For example Article 15 of the constitution do gives the right to education to all without any discrimination on the basis of caste, sex, religion, etc, but an Education act which came in existence in 1930 says that: 

A particular group of kids would not be provided education on the basis of their caste’. As this particular clause of the act is inconsistent with that of the fundamental rights therefore it is declared to be null and void. 

Moreover article 13(1) is prospective in nature but not retrospective i.e the article will be in effect from the day when constitution came in effect ..(26th jan.,1950) and the person who committed offence afterwards will be prosecuted according to the laws of Indian constitution but not according to the pre-constitutional laws. 

Impact on Fundamental Rights: 

Articles 12 and 13, together, form the backbone of protecting fundamental rights inIndia. Article 13 ensures that any law inconsistent with the rights enshrined in Part III of the Constitution is rendered invalid, ensuring citizens can seek legal recourse against any infringement of their rights. 

These articles have played a vital role in promoting equality, justice, and social progress. By expanding the definition of the State and subjecting public bodies to the scrutiny of fundamental rights, Article 12 has prevented potential abuse and fostered accountability.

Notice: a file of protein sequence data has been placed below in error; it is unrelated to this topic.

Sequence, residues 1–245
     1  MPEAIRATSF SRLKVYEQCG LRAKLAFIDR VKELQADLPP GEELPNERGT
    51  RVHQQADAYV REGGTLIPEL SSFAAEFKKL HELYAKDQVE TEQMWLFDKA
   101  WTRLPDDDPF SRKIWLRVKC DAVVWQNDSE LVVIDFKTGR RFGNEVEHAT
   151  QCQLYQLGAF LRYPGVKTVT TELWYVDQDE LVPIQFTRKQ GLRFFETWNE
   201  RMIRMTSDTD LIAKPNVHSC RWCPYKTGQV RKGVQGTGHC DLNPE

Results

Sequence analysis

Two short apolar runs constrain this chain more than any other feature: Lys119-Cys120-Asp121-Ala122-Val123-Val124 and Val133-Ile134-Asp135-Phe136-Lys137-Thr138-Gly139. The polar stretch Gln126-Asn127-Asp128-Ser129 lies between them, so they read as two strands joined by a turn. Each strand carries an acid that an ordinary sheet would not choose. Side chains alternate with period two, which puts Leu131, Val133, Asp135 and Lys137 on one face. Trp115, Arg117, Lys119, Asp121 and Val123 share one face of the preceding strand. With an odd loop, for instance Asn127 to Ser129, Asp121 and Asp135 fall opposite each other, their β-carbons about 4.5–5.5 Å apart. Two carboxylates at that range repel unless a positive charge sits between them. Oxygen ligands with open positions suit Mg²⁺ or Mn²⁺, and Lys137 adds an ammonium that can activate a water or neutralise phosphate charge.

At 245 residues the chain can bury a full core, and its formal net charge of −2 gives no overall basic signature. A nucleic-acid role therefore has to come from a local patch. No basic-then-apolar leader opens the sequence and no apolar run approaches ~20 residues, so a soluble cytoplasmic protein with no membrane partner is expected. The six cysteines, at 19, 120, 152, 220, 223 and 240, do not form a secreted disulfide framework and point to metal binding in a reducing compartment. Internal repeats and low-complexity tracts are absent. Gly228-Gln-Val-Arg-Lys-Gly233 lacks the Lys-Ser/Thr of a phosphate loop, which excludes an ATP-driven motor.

The doctrine of basic structure under Article 13 has acted as a bulwark against attempts to alter the fundamental principles of the Constitution. It has protected the essence of India’s democracy, secularism, federalism, and social justice, ensuring the preservation of the nation’s core values. 

Cases:

In Shankari Prasad Singh Deo v. Union of India, the Constitutional (1st Amendment) Act of 1951, which amended the fundamental rights protected by the constitution, was contested on the grounds that it was an invalid piece of legislation under Article 13’s clause (2) because it had the effect of restricting those rights. The supreme court rejected the argument and determined that a bill passed by the Parliament under Article 368 modifying the constitution was not a “law” as defined in clause (2). As opposed to “constitutional amendments made in exercise of constituent powers,” it was claimed that the term “law” refers to “the rules and regulations enacted by legislatures.” As a result, the majority of decisions, including Sajjan Singh v. State of Rajasthan, adopted this ruling. However, in the case of Golak Nath v. State of Punjab, the Supreme Court ruled by a 6:5 margin that the word “law” in Article 13 (2) included constitutional amendments.

As a result, if an amendment curtailed or eliminated fundamental rights protected by Part III of the Indian Constitution, the amending Act would be null and void and out of bounds. The Constitution (24th amendment) Act, 1971, which included clauses (3) and (4) to Article 13 and overturned the Golak Nath case, was subsequently decided by the Supreme Court of India in the case of Kesavananda Bharati v. State of Kerala.

Conclusion: 

Articles 12 and 13 of the Indian Constitution stand as pillars in protecting and upholding fundamental rights. While Article 12 expands the notion of the State to include various public bodies, Article 13 and the doctrine of basic structure provide a mechanism for judicial review, safeguarding the Constitution’s core principles. These articles have been instrumental in ensuring the citizens’ right to equality, justice, and social progress. By understanding and appreciating the significance of Articles 12and13, we can work towards creating a more just and inclusive society